Residual Information

I was floored when I read this account from Josh Koppelman. Josh talks about how Best Buy mistreated one of its portfolio companies in the most egregious way. Fortunately the company – or at least, the plaintiffs – prevailed.

I’ve always thought that people and companies don’t knowingly and willfully misappropriate, i.e., steal. That a company would do this (rather clumsily) was the eye-opening part to me.

We often speak to founders about confidentiality. It usually comes within the context of pitching investors or speaking to big companies without an non-disclosure agreement (NDA). And when to speak to them, what to talk about, etc. My view was that companies and individuals generally don’t act nefariously. And over all, you should be more open than not if you think it added to the discourse.

But the bigger risk was “educating the market” – giving people information or other insights inadvertently. That is, the people who get sensitive information may accidentally misuse it without intentionally doing so. There’s no nefarious intent – they just use it without knowing where they got it or who told them.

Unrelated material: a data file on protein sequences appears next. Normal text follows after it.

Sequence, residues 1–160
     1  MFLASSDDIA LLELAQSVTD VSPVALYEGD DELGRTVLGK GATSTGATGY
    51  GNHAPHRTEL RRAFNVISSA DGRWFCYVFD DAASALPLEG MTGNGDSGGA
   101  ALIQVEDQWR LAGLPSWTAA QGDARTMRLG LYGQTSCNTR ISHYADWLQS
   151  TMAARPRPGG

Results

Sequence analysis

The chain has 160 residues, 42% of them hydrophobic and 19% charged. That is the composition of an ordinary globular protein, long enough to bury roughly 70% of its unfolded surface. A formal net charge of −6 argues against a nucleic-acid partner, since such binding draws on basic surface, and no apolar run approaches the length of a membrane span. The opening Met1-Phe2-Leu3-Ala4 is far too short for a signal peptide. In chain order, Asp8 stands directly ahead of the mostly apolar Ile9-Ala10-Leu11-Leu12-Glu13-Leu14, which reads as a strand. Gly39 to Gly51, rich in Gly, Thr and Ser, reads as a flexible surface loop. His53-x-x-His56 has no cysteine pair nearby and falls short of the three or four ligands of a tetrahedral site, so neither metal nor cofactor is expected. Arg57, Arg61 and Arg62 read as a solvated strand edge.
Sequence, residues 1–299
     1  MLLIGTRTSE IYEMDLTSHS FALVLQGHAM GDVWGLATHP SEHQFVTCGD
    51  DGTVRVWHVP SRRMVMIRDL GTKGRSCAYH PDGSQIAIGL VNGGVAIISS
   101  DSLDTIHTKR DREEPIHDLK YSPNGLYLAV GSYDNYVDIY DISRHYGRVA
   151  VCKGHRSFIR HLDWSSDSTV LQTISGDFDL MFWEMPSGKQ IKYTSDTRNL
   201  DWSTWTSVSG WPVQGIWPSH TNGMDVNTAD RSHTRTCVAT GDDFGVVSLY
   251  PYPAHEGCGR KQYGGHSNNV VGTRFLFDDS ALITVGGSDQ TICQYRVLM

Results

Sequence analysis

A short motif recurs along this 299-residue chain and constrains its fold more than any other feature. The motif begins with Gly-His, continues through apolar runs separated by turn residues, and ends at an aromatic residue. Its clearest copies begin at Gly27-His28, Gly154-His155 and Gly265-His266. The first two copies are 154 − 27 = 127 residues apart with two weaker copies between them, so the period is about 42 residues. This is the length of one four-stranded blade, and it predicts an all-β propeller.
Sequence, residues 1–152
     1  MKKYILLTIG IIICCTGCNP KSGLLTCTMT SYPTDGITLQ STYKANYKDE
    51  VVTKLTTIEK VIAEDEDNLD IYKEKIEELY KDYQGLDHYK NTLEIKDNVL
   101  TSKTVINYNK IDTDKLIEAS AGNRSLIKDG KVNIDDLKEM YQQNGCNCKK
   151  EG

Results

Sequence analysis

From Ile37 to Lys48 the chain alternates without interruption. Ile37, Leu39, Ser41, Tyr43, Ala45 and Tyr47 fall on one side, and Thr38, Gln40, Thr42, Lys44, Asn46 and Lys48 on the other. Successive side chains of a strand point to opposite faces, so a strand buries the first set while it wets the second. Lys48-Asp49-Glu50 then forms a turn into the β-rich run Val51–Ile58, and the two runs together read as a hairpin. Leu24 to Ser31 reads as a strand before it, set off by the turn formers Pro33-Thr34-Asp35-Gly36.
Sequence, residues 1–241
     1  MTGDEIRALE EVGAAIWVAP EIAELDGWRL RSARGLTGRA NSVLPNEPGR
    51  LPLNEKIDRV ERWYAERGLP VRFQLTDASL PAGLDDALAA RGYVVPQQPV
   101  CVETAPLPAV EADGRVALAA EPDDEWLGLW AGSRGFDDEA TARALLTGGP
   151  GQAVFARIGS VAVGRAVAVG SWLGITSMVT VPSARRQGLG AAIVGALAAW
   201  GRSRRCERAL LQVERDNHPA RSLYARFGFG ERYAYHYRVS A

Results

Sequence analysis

This happens all the time, I bet. When you have lots of meetings with a lot of information flow and brainstorming, it’s not unusual to not only not remember where you got a particular insight but to actually mistake it for your own. There are obviously huge gray areas of intent and motive here but hopefully you get the picture.

In legal terms, this concept is called “Residual Information.” It’s a typical carve-out in non-disclosure agreements: recipients of confidential information aren’t liable if they use the confidential information inadvertently and without remembering where they got it. This is obviously an exception that could swallow the whole rule. Thus it’s generally heavily negotiated.

I still think (possibly naively) that the “residual information” risk is the main risk. And that these incidents are fairly isolated. But it’s eye-opening to hear when stuff like this happens.

(By the way, it’s an unbelievable move of First Round Capital and NEA to continue funding this lawsuit. They effectively dug into their own pockets to do this.)